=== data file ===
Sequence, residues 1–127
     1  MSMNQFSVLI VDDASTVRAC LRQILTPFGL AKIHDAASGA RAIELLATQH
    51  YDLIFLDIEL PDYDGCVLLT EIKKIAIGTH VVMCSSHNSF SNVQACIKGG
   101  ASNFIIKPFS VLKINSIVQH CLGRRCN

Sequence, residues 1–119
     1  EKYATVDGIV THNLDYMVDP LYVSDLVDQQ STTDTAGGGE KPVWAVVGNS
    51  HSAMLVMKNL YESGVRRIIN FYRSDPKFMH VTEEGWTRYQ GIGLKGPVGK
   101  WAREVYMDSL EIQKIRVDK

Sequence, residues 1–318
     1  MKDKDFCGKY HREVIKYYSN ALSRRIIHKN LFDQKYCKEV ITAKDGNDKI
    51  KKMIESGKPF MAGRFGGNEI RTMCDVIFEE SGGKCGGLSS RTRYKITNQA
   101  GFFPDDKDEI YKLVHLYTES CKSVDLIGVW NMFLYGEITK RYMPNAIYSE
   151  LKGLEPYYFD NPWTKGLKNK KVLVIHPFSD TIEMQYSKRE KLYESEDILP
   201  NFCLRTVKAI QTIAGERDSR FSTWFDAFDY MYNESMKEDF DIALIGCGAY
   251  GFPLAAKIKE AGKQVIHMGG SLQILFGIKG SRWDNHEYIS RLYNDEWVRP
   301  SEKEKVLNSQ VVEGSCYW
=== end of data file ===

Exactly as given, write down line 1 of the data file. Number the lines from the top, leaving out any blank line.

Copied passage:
Sequence, residues 1–127